Two South Africans in Santiago; our Global Game Jam experience
Last year we attended the Global Game Jam in our home city of Johannesburg. This year we were on the other side of the world. In Santiago, Chile.
The event was organised by Gamedev: Comunidad UC, a game development community, focused on game design education and growing the game dev industry in Chile. We arrived on Friday afternoon and were warmly welcomed by their team, which is headed up by Hector Calderón Bessi.
After a few tech talks, we and over 100 other developers watched the keynote in a lecture theatre in el Universidad de Catholica (the venue for GGJ15 Santiago). We then went outside for the group activities. Queue the first bit of nervousness for attending a game jam in South America! Our Spanish has improved over the last few months, but we certainly weren’t ready for an in-depth discussion on the status and growth of the game development industry in Chile.
But people made an effort to speak in English, to include us and to ensure we felt comfortable. There were three discussions and we were grouped differently each time, first by skill set (programing, art, sound etc) then by experience (newbie, student, professional) and lastly by favourite game. I usually find these types of “getting to know each other” exercises silly, but this ended up being a good icebreaker and a great way to get to know some of other devs, especially since many had never met before.
We got into our groups (mostly between 4 and 6 people) and went through to the main venue, which had a very cool setup. There was lots of room, spacious desks, white boards, lightning fast internet and most importantly, coffee and snacks! Herman and I decided to work alone due to the language and logistical differences. For those of you that know us, we have a particular way of going about things that normally involves crazy ideas, grids and Grids.
The organisers went to the trouble of making a checklist that laid out suggested tasks for the three days. A step by step guide on how to go about your development to ensure that you got something out at on Sunday. This was a great idea, especially for first time jammers! Most of the attendees were students, but there was a handful of experienced devs there too.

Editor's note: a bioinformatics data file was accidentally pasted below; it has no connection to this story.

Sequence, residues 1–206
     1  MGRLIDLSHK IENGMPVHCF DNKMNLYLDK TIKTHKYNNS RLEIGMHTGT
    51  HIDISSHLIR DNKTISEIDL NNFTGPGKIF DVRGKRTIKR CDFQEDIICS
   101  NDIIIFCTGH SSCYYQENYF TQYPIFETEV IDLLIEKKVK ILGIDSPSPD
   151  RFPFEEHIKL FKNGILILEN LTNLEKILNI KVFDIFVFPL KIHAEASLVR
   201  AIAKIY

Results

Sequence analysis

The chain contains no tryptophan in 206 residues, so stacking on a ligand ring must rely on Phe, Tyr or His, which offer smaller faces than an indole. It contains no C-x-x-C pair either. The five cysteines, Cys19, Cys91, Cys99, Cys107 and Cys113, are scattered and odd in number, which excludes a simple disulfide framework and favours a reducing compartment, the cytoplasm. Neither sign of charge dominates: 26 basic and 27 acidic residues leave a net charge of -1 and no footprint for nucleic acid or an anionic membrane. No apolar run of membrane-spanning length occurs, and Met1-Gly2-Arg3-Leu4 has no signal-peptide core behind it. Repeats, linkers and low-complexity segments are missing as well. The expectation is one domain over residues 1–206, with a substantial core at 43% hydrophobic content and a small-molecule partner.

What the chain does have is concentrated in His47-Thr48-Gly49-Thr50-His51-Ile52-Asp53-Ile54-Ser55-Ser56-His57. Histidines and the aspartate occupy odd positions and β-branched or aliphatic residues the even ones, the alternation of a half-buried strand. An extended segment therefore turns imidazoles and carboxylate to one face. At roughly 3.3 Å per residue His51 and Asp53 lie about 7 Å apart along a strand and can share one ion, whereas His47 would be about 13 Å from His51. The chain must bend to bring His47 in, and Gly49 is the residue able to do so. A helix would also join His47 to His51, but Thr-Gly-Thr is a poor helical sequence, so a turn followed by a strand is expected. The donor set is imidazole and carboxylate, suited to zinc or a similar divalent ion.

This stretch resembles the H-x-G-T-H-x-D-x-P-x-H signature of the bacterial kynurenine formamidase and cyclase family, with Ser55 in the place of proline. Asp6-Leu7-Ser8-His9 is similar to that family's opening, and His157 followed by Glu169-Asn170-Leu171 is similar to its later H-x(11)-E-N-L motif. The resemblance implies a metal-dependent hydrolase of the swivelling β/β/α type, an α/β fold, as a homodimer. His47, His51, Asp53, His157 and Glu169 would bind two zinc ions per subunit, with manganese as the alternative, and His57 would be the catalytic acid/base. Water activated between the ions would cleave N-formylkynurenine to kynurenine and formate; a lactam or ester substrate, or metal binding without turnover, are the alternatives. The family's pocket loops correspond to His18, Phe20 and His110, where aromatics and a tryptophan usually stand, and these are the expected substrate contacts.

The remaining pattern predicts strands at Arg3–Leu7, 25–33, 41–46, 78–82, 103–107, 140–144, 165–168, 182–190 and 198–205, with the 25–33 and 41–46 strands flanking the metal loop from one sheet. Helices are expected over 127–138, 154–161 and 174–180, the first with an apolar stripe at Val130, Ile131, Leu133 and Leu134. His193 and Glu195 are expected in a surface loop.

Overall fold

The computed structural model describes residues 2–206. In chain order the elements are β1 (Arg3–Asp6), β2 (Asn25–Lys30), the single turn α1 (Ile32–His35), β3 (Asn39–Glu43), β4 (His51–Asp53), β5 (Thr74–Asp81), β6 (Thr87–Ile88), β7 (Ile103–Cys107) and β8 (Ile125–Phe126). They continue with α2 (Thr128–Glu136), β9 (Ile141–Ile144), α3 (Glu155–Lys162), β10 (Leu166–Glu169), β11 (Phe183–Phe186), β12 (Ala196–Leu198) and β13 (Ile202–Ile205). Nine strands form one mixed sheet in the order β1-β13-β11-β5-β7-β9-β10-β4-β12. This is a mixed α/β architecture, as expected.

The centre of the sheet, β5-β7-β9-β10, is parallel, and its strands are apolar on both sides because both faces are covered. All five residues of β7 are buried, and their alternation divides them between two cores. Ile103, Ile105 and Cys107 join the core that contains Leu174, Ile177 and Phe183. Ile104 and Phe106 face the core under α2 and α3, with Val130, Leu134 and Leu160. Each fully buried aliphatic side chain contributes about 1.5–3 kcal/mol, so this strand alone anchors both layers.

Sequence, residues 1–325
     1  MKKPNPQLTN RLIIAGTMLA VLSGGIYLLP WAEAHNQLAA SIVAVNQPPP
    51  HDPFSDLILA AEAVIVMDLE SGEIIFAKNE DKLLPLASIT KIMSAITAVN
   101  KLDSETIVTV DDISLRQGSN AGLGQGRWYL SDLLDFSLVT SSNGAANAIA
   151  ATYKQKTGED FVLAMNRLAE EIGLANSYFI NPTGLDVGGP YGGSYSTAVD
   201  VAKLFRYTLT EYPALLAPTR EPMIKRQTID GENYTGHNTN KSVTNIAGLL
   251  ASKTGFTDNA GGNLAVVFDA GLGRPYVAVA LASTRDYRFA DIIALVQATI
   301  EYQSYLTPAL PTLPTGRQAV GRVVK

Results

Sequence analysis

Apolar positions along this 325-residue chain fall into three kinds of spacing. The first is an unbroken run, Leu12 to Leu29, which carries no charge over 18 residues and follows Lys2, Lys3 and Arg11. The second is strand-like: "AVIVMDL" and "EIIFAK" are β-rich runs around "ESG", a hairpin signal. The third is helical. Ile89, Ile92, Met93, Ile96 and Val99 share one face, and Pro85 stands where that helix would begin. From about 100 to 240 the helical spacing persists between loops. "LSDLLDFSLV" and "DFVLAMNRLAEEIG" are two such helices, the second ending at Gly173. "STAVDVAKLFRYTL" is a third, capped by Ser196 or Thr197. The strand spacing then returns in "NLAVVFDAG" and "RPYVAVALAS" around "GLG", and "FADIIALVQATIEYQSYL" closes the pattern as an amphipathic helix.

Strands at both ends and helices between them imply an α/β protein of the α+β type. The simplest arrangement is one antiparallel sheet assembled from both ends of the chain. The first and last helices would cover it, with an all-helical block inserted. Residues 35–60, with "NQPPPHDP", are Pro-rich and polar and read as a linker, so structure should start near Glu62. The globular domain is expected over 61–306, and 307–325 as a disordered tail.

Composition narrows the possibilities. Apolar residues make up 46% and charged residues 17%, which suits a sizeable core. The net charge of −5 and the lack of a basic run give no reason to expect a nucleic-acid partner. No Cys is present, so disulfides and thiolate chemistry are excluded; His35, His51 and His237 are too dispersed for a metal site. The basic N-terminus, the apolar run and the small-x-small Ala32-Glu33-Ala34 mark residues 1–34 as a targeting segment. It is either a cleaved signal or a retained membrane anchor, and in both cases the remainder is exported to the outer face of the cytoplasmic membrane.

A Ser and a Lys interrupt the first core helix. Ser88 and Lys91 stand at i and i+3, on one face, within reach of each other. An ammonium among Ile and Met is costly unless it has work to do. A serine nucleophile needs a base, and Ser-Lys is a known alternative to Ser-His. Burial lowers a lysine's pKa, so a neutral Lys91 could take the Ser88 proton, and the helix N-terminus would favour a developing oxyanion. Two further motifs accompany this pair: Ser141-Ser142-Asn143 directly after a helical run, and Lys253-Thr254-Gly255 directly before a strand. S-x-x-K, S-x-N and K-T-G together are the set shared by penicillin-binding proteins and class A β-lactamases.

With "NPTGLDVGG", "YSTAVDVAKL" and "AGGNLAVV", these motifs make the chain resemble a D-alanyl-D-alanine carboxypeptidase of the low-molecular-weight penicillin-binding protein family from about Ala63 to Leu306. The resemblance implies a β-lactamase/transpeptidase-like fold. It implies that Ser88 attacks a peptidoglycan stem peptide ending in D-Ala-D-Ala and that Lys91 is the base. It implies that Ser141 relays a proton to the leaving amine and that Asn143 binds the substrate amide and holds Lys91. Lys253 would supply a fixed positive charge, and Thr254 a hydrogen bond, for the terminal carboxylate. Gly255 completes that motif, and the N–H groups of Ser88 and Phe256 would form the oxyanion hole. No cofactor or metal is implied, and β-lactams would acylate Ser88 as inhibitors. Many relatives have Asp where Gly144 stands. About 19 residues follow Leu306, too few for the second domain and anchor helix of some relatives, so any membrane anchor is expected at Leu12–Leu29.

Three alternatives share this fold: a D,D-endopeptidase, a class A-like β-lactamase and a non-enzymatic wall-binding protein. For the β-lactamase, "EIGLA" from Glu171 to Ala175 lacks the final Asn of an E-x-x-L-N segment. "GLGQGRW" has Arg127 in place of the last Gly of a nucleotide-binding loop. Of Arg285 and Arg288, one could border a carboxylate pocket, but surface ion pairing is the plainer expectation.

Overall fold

One major difference between South America and Africa are the hours that people eat, work and sleep. Eating dinner at 12am and going to a pub at 3am is a normal night out. So it’s no surprise that the official start time for development was midnight on Friday. However, if there is one event where working hours are impossible to distinguish between countries, it’s GGJ. For 48 hours hardly anyone seems to sleep, and for the people that do, under a desk is more than acceptable.
This year we put all our effort into making a fun game, rather than something technically advanced like in our previous GGJ. This was always going to be a bit riskier for us (we’re more known for our cool tech), and after a full day of developing a level editor, there wasn’t any sign of a fun game yet. Stress was high, sleep was low, and the pressure was on. During the group discussions we were introduced to everyone as the developers from South Africa. We had people come over to our work station throughout the weekend, asking us what we did and why we were in Chile. There were definitely a few more eyes on us than usual, and we wanted to deliver.
By about 2am (and after some free pizza organised by Hector and the gang) our game started to come together and when we called it a day at 4am, we had done enough to warrent a few hours of sleep. On Sunday we added a few more levels (the level editor paid off big time) and made some final adjustments.
Next up were the presentations. There were 13 groups and a great presentation area. We didn’t understand much of anyone’s explanation of the use of the theme, but we could follow the game demos. There was a relaxed and fun atmosphere. People were genuinely interested in what their peers had built, and I felt a wonderful sense of appreciation and comradery. Puzzle games were the most popular and art styles varied quite a bit. There was also Koala shooting squirrel game (classic). One game that stood out for us was called “Off”. A mysterious game with an interesting mechanic and art style. (Check out the rest of the games here.)
We were both reasonably happy with the game that we made. However, it was received much better than we expected. I think people were impressed by what we made with a two man team (here is our customary Grids promotion) in slightly less hours than many of the other devs (yes we went home to sleep!). We presented in English and were bombarded with a bunch of question, which was a lot of fun.
Overall I was impressed with the organisation of the event. For us it was also a great networking opportunity. One of our goals in Chile is to immerse our sleeves in the local development community, and what better way to do that than by jumping in the trenches to make games alongside fellow developers. Chile has a relatively small community (like South Africa) but there are some seriously passionate people here. Combine that with an eager group of young developers and designers, and I can only see the Chilean game idustry industry growing.
I think we could make a habit of attending new Game Jam each year, although our next venue will need to be on top form to match our new friends here in Santiago.